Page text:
Hi ConTeXt community.
While looking for free (preferably open-source) tools which I could use for
typesetting a planned internal newsletter-booklet for a non-profit organization
(to be released in printed form in regular intervals - each issue with new
content of course, but same/similar style), I came across ConTeXt.
I usually use Inkscape and various WYSIWYG word processing software for
designing and layouting flyers/leaflets/etc., but in this case (many pages,
varying and regularly updated content, consistent style) I'm afraid those tools
simply don't cut in in terms of professional-quality typesetting capabilities
and content//style separation.
So programmatic typesetting might be the answer. I thought of LaTeX first, but I
read from various sources that using ConTeXt might be easier for typesetting
book-like things, especially if you want to design your own styles.
Before I delve in deeper, though, I would like to ask you (the ConTeXt
community) some questions:
a) Is the ConTeXt project alive? The newest PDF documentation I could find seems
to be from 2007; most of it is dated 2003 or older.
b) Do you think that ConTeXt is an appropriate tool for the use case I described
(be honest please ;-)), and easy enough to learn for someone with almost no TeX
The requirements are:
- Support for elaborate, colorful, graphics-heavy design, which I would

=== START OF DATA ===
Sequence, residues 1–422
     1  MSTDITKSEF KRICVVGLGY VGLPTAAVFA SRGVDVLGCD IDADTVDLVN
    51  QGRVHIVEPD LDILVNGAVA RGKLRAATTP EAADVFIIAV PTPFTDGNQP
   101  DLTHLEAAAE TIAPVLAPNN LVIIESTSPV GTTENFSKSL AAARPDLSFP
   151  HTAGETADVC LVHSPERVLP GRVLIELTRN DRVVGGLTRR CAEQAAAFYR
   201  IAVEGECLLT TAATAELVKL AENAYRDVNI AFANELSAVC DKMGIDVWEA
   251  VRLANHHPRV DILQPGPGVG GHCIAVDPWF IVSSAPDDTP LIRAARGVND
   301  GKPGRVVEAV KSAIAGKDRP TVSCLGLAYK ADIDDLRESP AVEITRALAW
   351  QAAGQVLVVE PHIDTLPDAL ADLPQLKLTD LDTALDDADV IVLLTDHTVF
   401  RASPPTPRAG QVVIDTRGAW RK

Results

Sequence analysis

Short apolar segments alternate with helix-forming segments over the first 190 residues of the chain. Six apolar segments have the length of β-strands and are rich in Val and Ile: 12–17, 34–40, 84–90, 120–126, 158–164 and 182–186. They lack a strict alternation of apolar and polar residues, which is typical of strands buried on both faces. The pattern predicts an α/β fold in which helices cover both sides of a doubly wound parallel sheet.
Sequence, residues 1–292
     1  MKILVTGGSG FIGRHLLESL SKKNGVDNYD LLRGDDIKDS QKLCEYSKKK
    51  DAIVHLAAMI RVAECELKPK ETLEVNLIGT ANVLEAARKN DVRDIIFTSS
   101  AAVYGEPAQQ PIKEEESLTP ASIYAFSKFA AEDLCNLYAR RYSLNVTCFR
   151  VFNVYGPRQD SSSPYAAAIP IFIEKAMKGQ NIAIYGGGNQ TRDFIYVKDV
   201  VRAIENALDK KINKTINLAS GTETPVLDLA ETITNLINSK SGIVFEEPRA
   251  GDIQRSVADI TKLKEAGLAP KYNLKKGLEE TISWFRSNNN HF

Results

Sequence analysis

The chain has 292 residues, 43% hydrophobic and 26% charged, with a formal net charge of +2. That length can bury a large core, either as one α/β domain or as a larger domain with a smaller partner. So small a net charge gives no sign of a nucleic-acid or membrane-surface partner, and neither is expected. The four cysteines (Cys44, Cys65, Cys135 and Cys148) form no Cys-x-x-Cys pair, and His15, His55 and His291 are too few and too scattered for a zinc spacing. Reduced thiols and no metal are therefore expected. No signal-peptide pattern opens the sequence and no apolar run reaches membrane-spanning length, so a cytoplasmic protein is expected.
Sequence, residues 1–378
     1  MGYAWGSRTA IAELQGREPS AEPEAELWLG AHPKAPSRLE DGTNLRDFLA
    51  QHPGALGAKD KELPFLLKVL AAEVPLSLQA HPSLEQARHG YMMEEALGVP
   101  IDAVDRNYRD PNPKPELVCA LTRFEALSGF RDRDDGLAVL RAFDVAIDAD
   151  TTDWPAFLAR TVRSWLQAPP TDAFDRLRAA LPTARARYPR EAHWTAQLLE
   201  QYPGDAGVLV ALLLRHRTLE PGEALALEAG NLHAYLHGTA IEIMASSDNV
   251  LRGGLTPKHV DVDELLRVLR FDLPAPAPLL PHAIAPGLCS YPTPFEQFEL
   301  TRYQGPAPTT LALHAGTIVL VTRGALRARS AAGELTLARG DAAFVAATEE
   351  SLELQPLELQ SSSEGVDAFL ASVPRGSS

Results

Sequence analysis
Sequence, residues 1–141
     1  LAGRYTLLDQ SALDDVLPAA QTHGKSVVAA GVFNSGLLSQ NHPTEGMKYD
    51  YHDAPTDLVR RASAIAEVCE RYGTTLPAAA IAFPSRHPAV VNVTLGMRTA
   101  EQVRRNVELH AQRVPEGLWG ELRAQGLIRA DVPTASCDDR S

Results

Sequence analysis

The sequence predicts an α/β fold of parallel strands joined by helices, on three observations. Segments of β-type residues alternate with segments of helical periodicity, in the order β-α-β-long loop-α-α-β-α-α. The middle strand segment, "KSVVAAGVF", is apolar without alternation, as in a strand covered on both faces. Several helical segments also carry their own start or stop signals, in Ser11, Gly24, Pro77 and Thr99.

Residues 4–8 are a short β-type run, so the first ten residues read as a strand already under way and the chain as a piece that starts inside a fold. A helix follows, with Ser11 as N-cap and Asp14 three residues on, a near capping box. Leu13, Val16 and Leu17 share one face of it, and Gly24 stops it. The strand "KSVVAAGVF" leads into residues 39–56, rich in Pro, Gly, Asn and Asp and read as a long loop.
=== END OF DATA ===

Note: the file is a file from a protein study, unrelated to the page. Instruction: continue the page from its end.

preferably create in Inkscape and then export as vector graphics (or port to
ConTeXt's own graphics language) as necessary.
- Ability to write a style *once* (with reasonable effort), and "outsource" it
to an external file (or files), so that for each new release of the newsletter,
only a simple content TeX file (or files) with minimal amount of markup is
required (which e.g. even a non-tech-savvy writer/editor could edit)
- Ability to easily include pictures in the content, and let the typesetting
engine automatically position them (either in the main text area with text
floating around them, or in special margin areas).
c) Are there any full-featured examples of design-heavy booklets/magazines/etc
created with ConTeXt., for which the full source code is publicly available?
That would be *really* helpful in order to assess how much work would be
required, and also to learn how exactly it's done in practice.